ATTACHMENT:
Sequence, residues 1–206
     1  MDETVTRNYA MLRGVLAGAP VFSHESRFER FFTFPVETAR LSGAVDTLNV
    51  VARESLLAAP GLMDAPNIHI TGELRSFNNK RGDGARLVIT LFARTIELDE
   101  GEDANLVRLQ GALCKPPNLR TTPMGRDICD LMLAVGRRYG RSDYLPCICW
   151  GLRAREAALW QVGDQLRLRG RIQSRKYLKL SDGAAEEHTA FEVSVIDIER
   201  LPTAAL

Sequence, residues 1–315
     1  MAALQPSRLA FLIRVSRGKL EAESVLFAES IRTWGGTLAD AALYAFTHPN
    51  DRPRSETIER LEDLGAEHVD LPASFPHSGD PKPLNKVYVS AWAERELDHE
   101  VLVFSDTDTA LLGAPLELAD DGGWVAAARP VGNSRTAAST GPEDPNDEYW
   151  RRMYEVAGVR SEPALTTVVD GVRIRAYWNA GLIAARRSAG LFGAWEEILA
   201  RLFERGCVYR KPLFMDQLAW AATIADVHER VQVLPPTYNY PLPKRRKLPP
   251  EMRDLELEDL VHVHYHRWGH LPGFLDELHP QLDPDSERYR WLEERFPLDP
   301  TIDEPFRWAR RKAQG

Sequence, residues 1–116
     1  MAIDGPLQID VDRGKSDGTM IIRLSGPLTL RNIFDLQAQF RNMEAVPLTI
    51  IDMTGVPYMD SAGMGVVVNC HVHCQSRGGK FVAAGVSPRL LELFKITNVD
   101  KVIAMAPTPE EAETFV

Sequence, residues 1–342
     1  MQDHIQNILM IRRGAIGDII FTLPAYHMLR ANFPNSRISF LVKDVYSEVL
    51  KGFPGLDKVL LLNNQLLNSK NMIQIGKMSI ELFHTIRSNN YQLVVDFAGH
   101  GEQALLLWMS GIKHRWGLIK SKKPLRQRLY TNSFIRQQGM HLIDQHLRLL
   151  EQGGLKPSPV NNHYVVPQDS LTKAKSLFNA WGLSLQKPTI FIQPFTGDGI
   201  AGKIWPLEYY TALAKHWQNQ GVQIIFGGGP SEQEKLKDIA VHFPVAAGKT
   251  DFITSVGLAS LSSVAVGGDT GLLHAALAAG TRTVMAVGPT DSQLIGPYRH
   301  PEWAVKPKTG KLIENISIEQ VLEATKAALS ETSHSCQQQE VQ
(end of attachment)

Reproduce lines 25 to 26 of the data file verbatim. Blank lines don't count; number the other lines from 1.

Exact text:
   251  DFITSVGLAS LSSVAVGGDT GLLHAALAAG TRTVMAVGPT DSQLIGPYRH
   301  PEWAVKPKTG KLIENISIEQ VLEATKAALS ETSHSCQQQE VQ